The waste recycling rate — proportion of waste generated that is recycled — has increased in the EU-27. Driven by EU binding recycling targets, this indicates progress towards using more waste as a resource and achieving a circular economy. The rate of progress has stagnated recently and in some cases reversed, with packaging waste recycling decreasing in the past five years. In 2021 the majority of waste was still disposed of through incineration or landfill operations. Achieving circularity in Europe and minimising environmental impacts from natural resource use requires continuous ambitious waste management policy setting to incentivise recycling and discourage waste disposal in landfills and incineration plants.  

Figure 1. Recycling rates in Europe by waste stream

Recycling rates in Europe by waste stream

Rising demand for primary resources weakens the EU's material self-sufficiency, imposing pressure on the environment. Recycling is the only mainstream waste management operation preventing valuable resources in our waste from being destroyed. Using recycled material for new product manufacturing avoids enormous environmental impacts associated with the extraction and processing of natural resources. Increasing recycled material is a desired approach to achieving sustainability, material self-sufficiency and other benefits of a circular economy.

Recycling rates of waste (municipal, packaging and e-waste) in the EU — which also represent significant sources of critical raw materials — have been slowly increasing in general, indicating a move towards a more circular economy. The overall recycling rate, i.e. the ratio between total waste generated excluding major mineral wastes and the quantities that were managed through recycling, stood at 46% in 2020. The highest recycling rate in 2021 was registered for packaging (64%) followed by municipal (49%) and e-waste (39%).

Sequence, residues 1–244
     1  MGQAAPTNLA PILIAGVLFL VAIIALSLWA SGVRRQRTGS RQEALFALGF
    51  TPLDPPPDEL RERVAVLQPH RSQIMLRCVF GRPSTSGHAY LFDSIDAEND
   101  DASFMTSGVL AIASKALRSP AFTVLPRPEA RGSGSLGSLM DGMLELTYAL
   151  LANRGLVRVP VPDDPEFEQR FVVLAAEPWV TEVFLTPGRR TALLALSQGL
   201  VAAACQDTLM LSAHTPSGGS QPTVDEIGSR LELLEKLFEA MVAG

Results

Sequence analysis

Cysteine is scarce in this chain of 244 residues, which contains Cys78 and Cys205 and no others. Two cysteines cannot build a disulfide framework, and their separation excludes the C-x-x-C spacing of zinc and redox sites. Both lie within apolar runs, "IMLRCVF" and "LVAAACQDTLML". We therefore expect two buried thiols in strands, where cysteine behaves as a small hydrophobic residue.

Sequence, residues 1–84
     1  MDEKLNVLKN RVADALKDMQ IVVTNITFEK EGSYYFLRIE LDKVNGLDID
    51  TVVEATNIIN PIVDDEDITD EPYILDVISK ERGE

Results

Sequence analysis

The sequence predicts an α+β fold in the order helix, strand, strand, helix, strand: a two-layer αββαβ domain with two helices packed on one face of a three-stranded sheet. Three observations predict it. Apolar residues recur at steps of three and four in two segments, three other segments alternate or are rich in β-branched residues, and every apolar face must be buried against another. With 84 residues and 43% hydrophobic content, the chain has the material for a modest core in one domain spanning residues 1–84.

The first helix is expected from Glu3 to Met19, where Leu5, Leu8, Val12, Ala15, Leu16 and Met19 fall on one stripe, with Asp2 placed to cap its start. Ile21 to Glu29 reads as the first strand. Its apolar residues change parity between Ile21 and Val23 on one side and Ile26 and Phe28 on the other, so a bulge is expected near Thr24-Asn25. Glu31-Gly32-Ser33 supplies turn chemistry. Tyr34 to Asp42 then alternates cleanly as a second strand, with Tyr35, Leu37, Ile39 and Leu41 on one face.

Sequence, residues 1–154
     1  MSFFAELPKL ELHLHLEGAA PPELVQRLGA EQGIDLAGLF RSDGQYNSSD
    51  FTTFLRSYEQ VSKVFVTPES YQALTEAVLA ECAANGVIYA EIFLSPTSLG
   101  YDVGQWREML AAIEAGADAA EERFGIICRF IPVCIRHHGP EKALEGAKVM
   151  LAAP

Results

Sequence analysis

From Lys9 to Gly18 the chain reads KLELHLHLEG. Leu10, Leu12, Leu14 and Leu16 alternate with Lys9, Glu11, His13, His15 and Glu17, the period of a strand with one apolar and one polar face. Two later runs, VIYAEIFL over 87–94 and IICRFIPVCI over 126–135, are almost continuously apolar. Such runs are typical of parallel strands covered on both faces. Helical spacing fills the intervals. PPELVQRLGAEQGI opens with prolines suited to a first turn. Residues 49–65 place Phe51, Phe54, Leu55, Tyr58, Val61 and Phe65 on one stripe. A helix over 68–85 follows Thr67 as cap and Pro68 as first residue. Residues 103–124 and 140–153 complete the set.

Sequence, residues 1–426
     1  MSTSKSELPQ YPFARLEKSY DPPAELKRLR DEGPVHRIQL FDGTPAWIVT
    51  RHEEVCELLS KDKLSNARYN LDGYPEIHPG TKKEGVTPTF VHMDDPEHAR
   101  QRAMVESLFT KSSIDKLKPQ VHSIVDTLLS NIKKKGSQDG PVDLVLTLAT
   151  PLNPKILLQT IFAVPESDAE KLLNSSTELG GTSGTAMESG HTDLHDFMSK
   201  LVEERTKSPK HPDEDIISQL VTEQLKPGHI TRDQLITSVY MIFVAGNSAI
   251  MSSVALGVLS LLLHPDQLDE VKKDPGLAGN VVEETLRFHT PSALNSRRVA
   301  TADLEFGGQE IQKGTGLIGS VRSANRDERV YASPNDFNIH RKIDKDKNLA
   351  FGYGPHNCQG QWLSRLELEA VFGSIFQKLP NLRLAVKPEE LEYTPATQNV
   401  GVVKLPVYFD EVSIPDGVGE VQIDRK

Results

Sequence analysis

EU targets for waste management are key drivers of increasing recycling rates. For example, theWaste Electrical and Electronic Equipment (WEEE) Directive sets targets for the separate collection and recycling of electrical and electronic waste; theWaste Framework Directiveincludes targets for the recycling and preparing for reuse of municipal waste; and thePackaging and Packaging Waste Directivedefines targets for recycling packaging waste. In total, EU waste legislation includes more than 30 binding targets for the period 2015-2030.

Until recently, the progress made for these three key waste streams has been more significant than in overall recycling. This reflects the importance of the strong EU policies in driving improvements in waste management. However, in recent years, the recycling rates for all three waste streams have been stagnating and the increasing trends for packaging waste and WEEE havereversed. The overall recycling rate shows little progress in general and remains below 50%, meaning the majority of generated waste is disposed of in landfills and incineration plants.

The ambition that has traditionally underpinned EU waste policy needs to be preserved and reinforced so that recycling is further supported, while landfilling and incineration is discouraged, for a circular economy to continue its advancement.

Figure 2. Municipal waste recycling rates in Europe by country

All countries considered, except for Sweden, have increased their municipal waste recycling rates since 2004, which clearly indicates improvements in waste management. Some countries (Slovakia, Lithuania, Slovenia and Latvia) have even achieved remarkable improvements, registering increases of more than 40 percentage points.

The difference in municipal waste recycling performance between the countries with the highest and lowest recycling rates is large. In 2021, rates ranged from 68% in Germany to 11% in Romania. Nine countries, namely Germany, Austria, Slovenia, the Netherlands, Denmark, Belgium, Luxembourg, Switzerland and Italy achieved recycling rates of 50% or higher, while another four countries (Cyprus, Malta, Türkiye and Romania) recycled less than 20% of municipal waste.

However, several countries with relatively low recycling rates made little progress over the past 15 years, and in 2023, 18 EU Member States were identified as being at risk of not meeting the recycling target for 2025 set in the Waste Framework Directive (recycling 55% of municipal waste).